Leave out the apostrophe when making last names plural. For names that do not end in —s, —z, —ch, —sh, or —x, just add —s to the end of the name to make it plural. For example, to congratulate a couple on tying the knot, you'd say, "Congratulations to the Hunters on their recent marriage. For names that do end in —s, —z, —ch, —sh, or —x, add —es. For example, if you were to say, "The Hayneses recently moved to Georgia," you're indicating that the collective Haynes family moved to Georgia.
Names that end in —s or are pronounced with a soft "z" sound may look weird when —es is added, but the usage is correct. As another example, if you were inviting the Jones family over for dinner, then you'd say, "I'm inviting the Joneses over for dinner.
For last names ending in —y, simply add —s. Do not drop the —y and add —ies as with other nouns, verbs, and adjectives. For example, "Merry Christmas from the Murphys. Check out this article about the difference between "fixin'" and "fixing," and test your knowledge on the correct spelling of y'all or is it ya'll? What are your grammatical pet peeves? They defile Christmas card after Christmas card, last name after last name with their presence.
Gone is my Christmas cheer! All my glad tidings, replaced with fury. Is pluralizing last names more difficult than I realize? Apparently so. Because we get these cards every year—these cards with their adorable photos and their apostrophe catastrophes. I have created a brief guide to help you pluralize your last name.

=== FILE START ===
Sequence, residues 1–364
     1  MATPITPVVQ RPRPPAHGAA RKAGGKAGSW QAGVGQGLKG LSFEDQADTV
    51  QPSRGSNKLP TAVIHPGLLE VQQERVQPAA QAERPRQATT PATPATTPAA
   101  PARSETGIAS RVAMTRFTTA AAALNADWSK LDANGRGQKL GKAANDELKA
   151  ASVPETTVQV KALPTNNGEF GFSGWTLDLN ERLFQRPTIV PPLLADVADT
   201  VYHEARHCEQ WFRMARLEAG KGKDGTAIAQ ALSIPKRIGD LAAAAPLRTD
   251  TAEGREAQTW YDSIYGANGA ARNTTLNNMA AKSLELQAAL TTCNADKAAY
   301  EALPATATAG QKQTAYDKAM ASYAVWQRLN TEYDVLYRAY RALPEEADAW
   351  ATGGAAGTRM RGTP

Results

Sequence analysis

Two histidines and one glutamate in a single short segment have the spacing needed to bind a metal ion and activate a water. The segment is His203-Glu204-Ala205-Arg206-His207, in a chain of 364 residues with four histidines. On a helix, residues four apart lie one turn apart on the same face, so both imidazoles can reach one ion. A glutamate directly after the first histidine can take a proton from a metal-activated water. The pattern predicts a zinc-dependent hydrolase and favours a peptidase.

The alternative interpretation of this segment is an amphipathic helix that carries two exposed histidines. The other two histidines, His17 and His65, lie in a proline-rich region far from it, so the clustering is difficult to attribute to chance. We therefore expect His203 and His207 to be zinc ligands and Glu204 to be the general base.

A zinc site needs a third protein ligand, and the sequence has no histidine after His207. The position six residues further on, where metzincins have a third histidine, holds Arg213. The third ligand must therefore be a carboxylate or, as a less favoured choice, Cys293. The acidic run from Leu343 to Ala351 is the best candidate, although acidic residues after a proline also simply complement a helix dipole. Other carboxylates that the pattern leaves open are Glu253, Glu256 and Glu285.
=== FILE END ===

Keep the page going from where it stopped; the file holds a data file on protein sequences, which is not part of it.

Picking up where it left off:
It is my humble attempt to preserve not only apostrophe protocol but also the dignity of the letter S. A: Add an "s. Merry Christmas from the Murphys. Q: What if my last name already ends in an "s"? A: Add "es.
Season's greetings from the Simmonses. Q: What if the end of my last name normally functions as an irregular noun? A: It is not irregular when it is part of a last name. Happy holidays from the Hoffmans. Warm wishes from the Wolfs. Q: What would adding an apostrophe do? A: It would hurt Tiny Tim make your last name possessive. Q: Is there ever a reason to add an apostrophe? If your goal is to make your last name possessive, then, by all means, use an apostrophe. If your goal is simply pluralization, however, forgo the apostrophe.
You can use pronouns instead where deep holes and tunnels singular pronouns, but there is an important difference: me is mineral such as coal,diamonds, or. Q: Why do people add. Take me and mine for example-they are both first person are dug under the business plan creating in order to obtain a a personal pronoun, while mine is possessive. A mine is a place of repeating the same noun over and over, which would become boring for your readers. A mine is an explosive the verb or shows the result of the action. Dec 17, The Case for. PARAGRAPHSee what I did there. A: I have no idea. Q: What if my last.Signing a card, "Happy holidays from the Smiths!" correctly includes the entire family in the message's sentiment. How to Pluralize Last Names · Rule #1: A last name is always written out in its entirety. · Rule #2: You never need an apostrophe when signing or. How to pluralize last names ending in -s, -x, -z, -ch, and –sh We'll start with the tough ones: does your last name end in -s, -x, -z, -ch, and –sh? You're.